Leaking Underground Storage Tanks in Idaho
Petroleum releases from leaking underground storage tanks (LUSTs) pose numerous potential threats to human health and the environment. Petroleum can seep into and through the soil to the water table. At the water table, these liquids can accumulate as a pool on top of the water because most substances in underground storage tanks (USTs) (e.g., petroleum) are less dense than water. Here the chemicals can dissolve into and contaminate ground water and surface water. In Idaho, ground water supplies about 95% of the population's drinking water, so keeping it clean is a high priority. In addition, vapors from petroleum releases can be a health and safety concern within buildings and around construction workers.
DEQ's LUST program provides for the oversight and cleanup of petroleum releases from state-regulated USTs. This oversight and cleanup process is guided by the following rules:
- Idaho's Water Quality Standards (IDAPA 58.01.02.851 and 852)
- Idaho's Rules Regulating Underground Storage Tank Systems (IDAPA 58.01.07.200)
- Standards and Procedures for Application of Risk Based Corrective Action at Petroleum Release Sites (IDAPA 58.01.24)
This process requires owners and operators of USTs to report suspected releases, investigate suspected releases, and determine if a confirmed release requires cleanup. In addition, the requirements describe when spills and overfills from an UST system must be reported and cleaned up. These rules also apply to petroleum releases from unregulated tanks.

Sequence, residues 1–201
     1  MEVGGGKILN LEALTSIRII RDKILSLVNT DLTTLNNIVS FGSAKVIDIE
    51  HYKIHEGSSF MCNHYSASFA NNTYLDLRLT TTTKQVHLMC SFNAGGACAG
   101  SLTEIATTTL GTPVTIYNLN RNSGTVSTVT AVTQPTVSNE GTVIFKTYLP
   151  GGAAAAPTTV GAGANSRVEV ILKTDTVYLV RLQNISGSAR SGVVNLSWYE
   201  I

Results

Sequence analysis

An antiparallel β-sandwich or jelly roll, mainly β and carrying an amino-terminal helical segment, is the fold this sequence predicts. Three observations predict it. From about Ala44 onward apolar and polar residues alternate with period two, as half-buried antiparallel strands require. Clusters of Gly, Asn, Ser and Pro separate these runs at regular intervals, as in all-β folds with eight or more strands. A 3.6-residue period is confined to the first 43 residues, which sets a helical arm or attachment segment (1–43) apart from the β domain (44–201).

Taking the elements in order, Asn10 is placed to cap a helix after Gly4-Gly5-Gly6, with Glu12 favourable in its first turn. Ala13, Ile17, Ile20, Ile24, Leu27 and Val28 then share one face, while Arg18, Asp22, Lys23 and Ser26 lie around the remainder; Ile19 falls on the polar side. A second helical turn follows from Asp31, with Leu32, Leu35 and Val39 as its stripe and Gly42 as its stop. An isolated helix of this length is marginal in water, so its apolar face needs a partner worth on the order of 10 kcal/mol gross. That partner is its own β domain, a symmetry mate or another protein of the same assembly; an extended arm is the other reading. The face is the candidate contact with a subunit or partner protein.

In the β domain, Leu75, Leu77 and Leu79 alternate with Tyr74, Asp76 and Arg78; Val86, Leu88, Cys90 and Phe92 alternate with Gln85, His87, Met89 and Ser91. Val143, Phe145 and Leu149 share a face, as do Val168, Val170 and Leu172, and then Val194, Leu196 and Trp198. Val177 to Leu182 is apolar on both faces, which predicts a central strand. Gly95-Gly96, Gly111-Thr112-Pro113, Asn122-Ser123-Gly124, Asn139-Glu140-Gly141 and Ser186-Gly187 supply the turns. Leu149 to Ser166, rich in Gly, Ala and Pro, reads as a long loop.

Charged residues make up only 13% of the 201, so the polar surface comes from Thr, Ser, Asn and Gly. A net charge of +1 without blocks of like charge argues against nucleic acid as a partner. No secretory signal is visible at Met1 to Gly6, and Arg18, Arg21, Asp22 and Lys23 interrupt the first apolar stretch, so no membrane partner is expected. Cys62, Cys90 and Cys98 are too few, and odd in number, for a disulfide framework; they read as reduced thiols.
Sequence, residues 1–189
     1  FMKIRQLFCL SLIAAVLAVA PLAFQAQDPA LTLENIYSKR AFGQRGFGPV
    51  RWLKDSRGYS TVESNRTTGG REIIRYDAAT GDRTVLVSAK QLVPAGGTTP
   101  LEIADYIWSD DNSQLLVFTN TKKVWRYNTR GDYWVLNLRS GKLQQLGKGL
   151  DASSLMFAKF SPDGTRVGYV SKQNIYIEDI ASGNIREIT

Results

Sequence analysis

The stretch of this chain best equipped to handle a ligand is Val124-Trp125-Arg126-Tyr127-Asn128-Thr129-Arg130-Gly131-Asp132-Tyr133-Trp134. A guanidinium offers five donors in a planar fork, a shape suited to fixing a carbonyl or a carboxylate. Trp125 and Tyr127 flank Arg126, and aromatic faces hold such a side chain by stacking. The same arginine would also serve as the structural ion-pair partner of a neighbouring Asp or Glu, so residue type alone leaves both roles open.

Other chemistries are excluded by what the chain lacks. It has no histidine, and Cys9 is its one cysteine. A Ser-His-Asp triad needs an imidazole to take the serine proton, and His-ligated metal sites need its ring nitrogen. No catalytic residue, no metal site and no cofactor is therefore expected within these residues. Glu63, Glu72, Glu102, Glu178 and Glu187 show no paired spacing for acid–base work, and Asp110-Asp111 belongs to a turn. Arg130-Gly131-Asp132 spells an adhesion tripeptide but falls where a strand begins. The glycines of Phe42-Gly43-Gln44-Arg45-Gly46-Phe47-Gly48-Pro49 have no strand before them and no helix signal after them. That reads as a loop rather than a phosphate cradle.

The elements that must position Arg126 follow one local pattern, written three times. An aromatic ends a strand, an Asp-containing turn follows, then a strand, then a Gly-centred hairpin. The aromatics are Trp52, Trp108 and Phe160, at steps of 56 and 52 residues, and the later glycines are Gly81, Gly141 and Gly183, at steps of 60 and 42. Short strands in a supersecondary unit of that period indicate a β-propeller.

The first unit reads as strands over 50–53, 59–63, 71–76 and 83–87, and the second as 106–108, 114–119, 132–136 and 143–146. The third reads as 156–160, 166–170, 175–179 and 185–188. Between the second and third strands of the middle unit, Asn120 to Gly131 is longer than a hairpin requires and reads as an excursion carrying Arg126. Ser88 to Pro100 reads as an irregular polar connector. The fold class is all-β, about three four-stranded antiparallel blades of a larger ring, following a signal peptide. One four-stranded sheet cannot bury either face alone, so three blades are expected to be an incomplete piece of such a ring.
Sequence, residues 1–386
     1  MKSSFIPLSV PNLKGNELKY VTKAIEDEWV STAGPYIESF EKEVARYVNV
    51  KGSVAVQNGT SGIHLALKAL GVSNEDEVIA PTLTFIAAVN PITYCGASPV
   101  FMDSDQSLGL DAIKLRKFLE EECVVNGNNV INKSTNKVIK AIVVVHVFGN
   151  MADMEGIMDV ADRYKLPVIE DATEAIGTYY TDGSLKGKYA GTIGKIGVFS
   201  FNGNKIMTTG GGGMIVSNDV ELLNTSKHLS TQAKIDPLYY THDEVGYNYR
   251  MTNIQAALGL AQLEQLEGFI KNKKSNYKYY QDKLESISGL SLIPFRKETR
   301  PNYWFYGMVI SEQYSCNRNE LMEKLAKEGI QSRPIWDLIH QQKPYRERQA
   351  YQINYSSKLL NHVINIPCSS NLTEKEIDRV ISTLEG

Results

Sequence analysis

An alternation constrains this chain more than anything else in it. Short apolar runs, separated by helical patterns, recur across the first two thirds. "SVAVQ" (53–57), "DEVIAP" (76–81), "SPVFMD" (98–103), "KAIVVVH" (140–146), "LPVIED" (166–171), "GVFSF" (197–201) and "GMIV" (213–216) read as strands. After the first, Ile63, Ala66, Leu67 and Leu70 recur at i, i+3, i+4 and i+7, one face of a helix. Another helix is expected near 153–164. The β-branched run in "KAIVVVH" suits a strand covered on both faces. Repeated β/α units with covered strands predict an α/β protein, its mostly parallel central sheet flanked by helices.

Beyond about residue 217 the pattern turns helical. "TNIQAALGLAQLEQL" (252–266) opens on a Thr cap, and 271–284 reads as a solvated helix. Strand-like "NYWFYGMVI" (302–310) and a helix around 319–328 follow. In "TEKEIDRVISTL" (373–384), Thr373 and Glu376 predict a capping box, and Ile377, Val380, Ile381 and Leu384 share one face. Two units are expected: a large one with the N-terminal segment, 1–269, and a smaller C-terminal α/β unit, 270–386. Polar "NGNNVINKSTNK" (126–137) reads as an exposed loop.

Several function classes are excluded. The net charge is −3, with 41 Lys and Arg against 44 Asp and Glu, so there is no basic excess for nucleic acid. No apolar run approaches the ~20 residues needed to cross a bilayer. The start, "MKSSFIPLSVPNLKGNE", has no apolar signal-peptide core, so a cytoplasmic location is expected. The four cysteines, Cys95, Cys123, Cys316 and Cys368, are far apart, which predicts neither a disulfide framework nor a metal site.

Cleanup of LUSTs
Once a release has been confirmed, the responsible party must continue to evaluate the site to determine the extent of contamination and whether remediation is necessary. Determination of the need for remediation is guided by the Standards and Procedures for Application of Risk Based Corrective Action at Petroleum Release Sites (IDAPA 58.01.24). These rules were established in April 2009 and revised in March 2012 by the Idaho Legislature. The rules and accompanying guidance, Risk Evaluation Manual for Petroleum Releases, outline standards and procedures to determine whether and what risk-based corrective action measures should be applied to property where petroleum releases have occurred. The guidance was released in August 2012. The rules and guidance do not apply to previously closed sites, and DEQ does not require any additional evaluation of petroleum release sites previously granted closure unless a new petroleum release occurs.
Depending on site-specific conditions, remediation measures at a petroleum release site may include activity and use limitations implemented through a legal instrument called an environmental covenant.